This is the last of five posts about Sketchbook Party. If you haven't already, I recommend reading the first, second, third, and fourth posts before you read this one.
Travelers notebooks (abbreviated TN) are very popular in the scrapbook community. It turns out they're equally popular amongst artists who work in sketchbooks, although they call them travel sketchbooks. They're the same thing, and a fun topic for this class, titled "Travel Journaling for Everyone."
I used to collect a lot of memorabilia when I traveled, then ended up using very little of it (if any) on my scrapbook pages. So now I collect as little as possible. I turn down brochures if I don't need them to navigate in a museum, I don't bring printed napkins home to do something with the logo, and I don't take the free stickers or business cards or other bits and pieces that are all over the place if you're looking for them.
While this is good practice ecologically, it is poor practice for a class about travel sketchbooks. I gathered the four items I'd collected from our time in Milwaukee, as well as the hotel logo from our printed reservation, and put them together to make this page. The bottom left has my admission ticket from Harley-Davidson. The top right has part of the Recon Duty we did at SafeHouse (SO FUN!), the bottom right has a logo cut from the amazing Milwaukee Public Museum, and the center has a sticker from the National Bobblehead Hall of Fame. I added letter stickers, striped washi, and used two colors of Flair markers to decorate.
While my finished product is not particularly attractive or coordinated, I like the balance and had a lot of fun putting it together. There are a number of reasons why travelers notebooks / travel sketchbooks don't work for my style of memory keeping, but gosh are they fun!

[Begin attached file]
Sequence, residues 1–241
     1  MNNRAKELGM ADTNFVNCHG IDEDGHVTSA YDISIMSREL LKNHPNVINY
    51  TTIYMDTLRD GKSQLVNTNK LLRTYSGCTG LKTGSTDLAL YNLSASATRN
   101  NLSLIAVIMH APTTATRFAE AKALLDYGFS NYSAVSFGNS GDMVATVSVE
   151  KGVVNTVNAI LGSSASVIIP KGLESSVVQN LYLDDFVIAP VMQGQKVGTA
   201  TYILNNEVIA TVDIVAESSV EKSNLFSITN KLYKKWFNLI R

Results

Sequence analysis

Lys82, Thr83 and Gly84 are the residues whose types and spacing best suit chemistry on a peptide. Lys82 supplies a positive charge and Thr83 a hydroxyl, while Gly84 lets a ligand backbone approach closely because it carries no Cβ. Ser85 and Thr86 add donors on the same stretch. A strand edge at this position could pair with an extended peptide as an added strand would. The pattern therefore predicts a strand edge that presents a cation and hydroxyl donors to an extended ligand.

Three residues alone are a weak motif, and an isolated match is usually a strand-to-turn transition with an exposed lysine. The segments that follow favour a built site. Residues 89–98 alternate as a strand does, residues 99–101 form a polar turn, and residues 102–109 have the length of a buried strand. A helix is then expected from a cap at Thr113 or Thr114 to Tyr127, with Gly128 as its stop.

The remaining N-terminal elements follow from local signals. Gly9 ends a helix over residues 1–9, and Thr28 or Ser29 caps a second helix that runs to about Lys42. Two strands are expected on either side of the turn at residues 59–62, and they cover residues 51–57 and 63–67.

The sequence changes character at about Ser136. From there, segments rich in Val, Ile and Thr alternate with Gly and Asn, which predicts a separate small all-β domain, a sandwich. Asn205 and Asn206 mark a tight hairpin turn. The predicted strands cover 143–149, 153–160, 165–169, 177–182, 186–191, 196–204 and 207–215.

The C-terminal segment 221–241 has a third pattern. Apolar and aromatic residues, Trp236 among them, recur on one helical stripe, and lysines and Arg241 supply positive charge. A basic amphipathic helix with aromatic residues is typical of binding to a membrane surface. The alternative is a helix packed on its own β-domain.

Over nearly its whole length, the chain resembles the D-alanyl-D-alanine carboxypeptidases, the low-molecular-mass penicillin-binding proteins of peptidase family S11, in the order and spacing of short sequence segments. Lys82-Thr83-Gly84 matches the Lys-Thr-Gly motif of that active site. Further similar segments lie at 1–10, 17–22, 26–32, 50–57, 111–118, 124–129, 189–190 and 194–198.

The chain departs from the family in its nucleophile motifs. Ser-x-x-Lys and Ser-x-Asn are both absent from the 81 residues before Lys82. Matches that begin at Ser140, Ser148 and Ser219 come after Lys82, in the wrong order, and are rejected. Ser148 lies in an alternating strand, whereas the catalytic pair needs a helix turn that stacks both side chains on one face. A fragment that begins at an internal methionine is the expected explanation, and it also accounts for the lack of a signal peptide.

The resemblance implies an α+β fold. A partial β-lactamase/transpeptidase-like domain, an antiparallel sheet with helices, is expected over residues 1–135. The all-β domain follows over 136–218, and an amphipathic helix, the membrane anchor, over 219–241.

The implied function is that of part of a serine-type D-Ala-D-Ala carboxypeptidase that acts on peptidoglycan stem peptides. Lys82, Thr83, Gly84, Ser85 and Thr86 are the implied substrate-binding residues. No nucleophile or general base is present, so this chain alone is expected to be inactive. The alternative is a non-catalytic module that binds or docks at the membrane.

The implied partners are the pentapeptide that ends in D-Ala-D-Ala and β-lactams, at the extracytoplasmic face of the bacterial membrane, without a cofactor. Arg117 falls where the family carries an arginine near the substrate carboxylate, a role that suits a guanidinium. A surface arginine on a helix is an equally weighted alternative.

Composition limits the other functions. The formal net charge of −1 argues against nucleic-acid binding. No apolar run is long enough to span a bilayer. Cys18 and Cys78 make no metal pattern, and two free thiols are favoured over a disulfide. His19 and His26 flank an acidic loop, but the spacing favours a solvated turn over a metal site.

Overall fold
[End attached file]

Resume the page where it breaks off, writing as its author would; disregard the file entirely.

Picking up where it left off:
Next up was "Loose Autumn Watercolor Pattern."
Ohn Mar Win led us through a relaxing and fun session painting watercolors with what I considered to be an enormous brush. She had us intentionally paint each shape quickly, touching at least one other shape in order to have the colors bleed together.
My artwork tends to be clean and controlled. I like crisp edges and uniformity and details. This project was the exact opposite in every way... and I loved making it! It's completely different from what I normally do, which was fun. That said, I feel like the project isn't finished. I'd like to go back in with colored pencils and add shading and details.
The next class was "Relaxing and Beautiful Way to Fill a Blank Page." The supply list said watercolors, but I'd just done a watercolor class and decided to use Folk Art acrylic paints instead.
It was a good decision. My paint dried in time to add the flair pen details, while others who used watercolors still had wet paint when Helen Colebrook was demonstrating the final step.
I loved making this project; it's definitely something I'll do again. I played with a color palette I wouldn't normally pick and overall it was just a lot of fun to do.
The final class of Sketchbook Party was by the hostess, Peggy Dean. She titled it, "A Surprise!"
We ended up making a patterned moth. She used gouache, which I don't own. It's on my Christmas wish list, so hopefully I can play with some soon! Instead, I used acrylic paint again.
My heart wasn't really in this project. It was fine, but not something I would necessarily do again. Although I am interested to see how it would work in gouache.
So what did I think of Sketchbook Party overall? It was fantastic! It's unbelievable that I only paid $29 for 16 art classes. I liked some classes more than others, of course, but even the classes I liked less than others were interesting and informative. I am now following several artists that I hadn't heard of before the event, and I'm eager to dive deeper into some of the new techniques I learned. If Sketchbook Party happens again, I'll definitely be joining in!
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